Fortunate are those who remember the story of Byston Well...
What do unicorns, pixies and colossal, insect-like robots all have in common? They're all heavily featured in Aura Battler Dunbine. Brainchild of Yoshiyuki Tomino of Gundam fame, Dunbine tells the story of Show Zama, a Japanese motocross fan who, after a botched trick, falls into the fantasy world of Byston Well. There he is taken in by Drake Luft, a local lord, and is taught to pilot "Aura Battlers", which serve as the show's mecha. Things seem to be going well for him in the new world until Show meets with local resistance leader Neal Given, who tells Show about a much darker side to Drake. Thus, Show takes up his Dunbine to fight alongside his new allies, and eventually takes his fight to odder and more fantastic locales.Dunbine is mostly known not for its rather formulaic plot, but for its interesting concept of setting Humongous Mecha battles in the middle of a Medieval European Fantasy. The mecha themselves take fluid, organic shapes and are much smaller than most mecha designs. The show starts strong, but the second half drags on until the grand finale, which is among the most flashy and explosive in anime history.Has had several spin-offs, including Garzey's Wing and The Wings Of Rean.Compare with Panzer World Galient and The Vision of Escaflowne, two other Humongous Mecha series in a Medieval European Fantasy setting.
Book Ends: The opening to most episodes (and all of the early ones) states that this is the story of Byston Well, as related by the Mi Ferarrio. This takes a turn for the horrifying when the last episode reveals that Mi Ferrario was singular, and it was specifically referring to Cham Fau, the Sole Survivor of ALL THE MAIN CAST.
Char Clone: A Tomino production has a hard time going without one. Bern Bunnings ( The Black Knight) ends up filling this role.
Cool Plane: The Aura Fighter Galava. Unusual for a mecha anime, it's a fighter developed with the same technology that's used in Aura Battlers, which they actually stop developing, as the humanoid form seemed to reach its maximum potential with the Zwarth.
Deadly Upgrade: Once a pilot's Aura reaches a certain level, his/her Aura Battler can become "strenghtened", growing much larger in size and becoming almost unstoppable. However, this tends to have the rather nasty side-effect of killing the pilot.
Hufflepuff House: If you can find the map of Byston Well, you may notice a large kingdom called Ree, neighbor to Ah and Ku, that only gets a passing mention in anime.
A Day in the Limelight: Seisenshi Gaiden's PS1 game, however, greatly expanded the detail about this kingdom by making the player join them.
Keep Circulating the Tapes: Was released on DVD by ADV but is now out of print. Just try getting the entire series on DVD... some scalpers want 125 bucks for the last volume alone....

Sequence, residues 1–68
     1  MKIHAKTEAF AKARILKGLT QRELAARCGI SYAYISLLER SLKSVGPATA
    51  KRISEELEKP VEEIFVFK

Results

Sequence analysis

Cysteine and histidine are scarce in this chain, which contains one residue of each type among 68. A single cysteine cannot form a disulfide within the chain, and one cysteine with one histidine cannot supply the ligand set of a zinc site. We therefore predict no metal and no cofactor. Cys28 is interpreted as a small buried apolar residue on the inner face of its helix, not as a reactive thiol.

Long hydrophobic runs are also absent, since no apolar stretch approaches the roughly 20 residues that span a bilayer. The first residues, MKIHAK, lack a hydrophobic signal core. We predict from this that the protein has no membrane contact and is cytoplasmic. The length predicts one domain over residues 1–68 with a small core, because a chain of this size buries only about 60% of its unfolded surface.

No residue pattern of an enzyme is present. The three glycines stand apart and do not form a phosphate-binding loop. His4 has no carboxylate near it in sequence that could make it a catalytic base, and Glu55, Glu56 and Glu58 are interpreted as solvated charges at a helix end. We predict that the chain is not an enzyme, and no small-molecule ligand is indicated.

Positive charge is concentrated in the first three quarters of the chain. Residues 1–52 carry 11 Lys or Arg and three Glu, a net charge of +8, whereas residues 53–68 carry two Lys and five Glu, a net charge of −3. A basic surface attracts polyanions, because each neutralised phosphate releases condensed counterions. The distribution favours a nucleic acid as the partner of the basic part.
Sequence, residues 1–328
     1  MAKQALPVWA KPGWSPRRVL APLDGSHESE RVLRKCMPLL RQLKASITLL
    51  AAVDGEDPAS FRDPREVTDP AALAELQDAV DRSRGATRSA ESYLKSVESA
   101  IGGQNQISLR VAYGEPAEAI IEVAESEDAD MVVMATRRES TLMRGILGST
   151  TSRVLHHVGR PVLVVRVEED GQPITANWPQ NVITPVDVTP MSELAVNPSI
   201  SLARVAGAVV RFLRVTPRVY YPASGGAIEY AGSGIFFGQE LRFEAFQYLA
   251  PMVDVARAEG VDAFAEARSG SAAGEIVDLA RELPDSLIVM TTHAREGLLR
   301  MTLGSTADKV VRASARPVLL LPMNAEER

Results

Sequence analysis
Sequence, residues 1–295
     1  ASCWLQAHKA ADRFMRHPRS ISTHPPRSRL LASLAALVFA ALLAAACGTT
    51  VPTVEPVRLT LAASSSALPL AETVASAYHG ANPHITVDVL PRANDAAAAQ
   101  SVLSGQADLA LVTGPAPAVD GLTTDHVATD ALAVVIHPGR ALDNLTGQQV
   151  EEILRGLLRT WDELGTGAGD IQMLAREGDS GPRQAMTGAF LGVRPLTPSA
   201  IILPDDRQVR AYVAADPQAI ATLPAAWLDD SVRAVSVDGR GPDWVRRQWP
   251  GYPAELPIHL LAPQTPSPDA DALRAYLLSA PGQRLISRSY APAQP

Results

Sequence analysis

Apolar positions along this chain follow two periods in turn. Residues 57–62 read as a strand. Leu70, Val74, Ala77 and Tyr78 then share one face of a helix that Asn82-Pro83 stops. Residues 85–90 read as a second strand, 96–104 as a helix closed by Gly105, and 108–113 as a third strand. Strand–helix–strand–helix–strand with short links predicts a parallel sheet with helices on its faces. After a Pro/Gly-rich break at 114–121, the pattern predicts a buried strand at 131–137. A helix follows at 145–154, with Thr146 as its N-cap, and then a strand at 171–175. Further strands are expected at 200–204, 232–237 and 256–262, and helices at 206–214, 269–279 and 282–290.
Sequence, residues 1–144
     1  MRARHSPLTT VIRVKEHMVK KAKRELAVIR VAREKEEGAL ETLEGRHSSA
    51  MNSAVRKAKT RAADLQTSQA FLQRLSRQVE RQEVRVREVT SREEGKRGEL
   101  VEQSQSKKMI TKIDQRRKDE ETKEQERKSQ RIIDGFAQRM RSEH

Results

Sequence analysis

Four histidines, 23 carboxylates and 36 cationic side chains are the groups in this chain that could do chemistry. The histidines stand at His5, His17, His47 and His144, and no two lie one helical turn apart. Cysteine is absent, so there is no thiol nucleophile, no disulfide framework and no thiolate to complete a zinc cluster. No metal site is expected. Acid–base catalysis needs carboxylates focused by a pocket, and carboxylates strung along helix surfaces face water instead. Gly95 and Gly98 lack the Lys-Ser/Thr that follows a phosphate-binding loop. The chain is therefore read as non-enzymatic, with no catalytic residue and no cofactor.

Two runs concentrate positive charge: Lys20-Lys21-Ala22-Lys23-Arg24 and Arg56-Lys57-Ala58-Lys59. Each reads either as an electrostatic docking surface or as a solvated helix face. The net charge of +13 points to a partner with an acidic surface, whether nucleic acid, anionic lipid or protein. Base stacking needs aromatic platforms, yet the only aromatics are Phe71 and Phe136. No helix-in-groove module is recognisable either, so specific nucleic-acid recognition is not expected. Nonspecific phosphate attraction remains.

Internet chatter has it that Dunbine sold so badly that the print runs were cut down to a few hundred discs for volumes 11 and 12.
Kill 'em All: Nearly every named character on the cast is killed during the final battle, including the hero.
Possibly averted: Maybe they all just went back to Byston Well. After all "Byston Well is the birthplace of peoples' souls."
This is definitely possible. In The Wings Of Rean (which takes place in the same setting but several (Byston Wellian) centuries later), some Red Shirts die and end up being "reborn" as babies in Byston Well.
Of course, this is averted in the Super Robot Wars episodes where Dunbine makes an appearance. There, all the good-aligned characters get to live. And sometimes some of the villains - most games let you save Todd, and a few let you save Garalia.
Didn't help in Super Robot Wars UX, though. UX takes place After the End, and the only ones alive are Shou, Cham, Marvel, Burn, and Shot Weapon. You can convince Burn to join you and save his life, though, as with everyone else dead and his fight with Shou effectively concluded in the prologue he has no real reason not to fight with you.
Mini-Mecha: Aura Battlers are pretty small by Humongous Mecha standards, standing at 6 to 8 meters tall in most cases. For perspective, Dunbine's entire torso is about the size of that protruding blue bit on the Mobile Suit Gundam's abdomen where its cockpit hatch is.
Spell My Name with an "S": A lot of the names suffer from this, not at all assisted by a number of cases of dissonance between the "intended" English spelling and the katakana used for the names. The official DVD subtitles even change spellings half-way through!
Super Robot Wars: Was a mainstay during the franchise's early years, and was included in EX, 4/F/FF, Alpha 1, Compact, the Compact 2 Trilogy & Impact and Compact 3. It's also worth pointing out that, due to the way size and their unique "Holy Warrior"/"Aura Battler" skill works in the games, the Dunbine units tend to be extremely powerful and useful "real"-style robots (ironically) and are a favorite of many players.
Aside from Scramble Commander the 2nd, it hadn't appeared since Super Robot Wars Impact, much to the frustration of many fans... that is, until it finally reappeared in Super Robot Wars UX, alongside its SpinoffThe Wings Of Rean.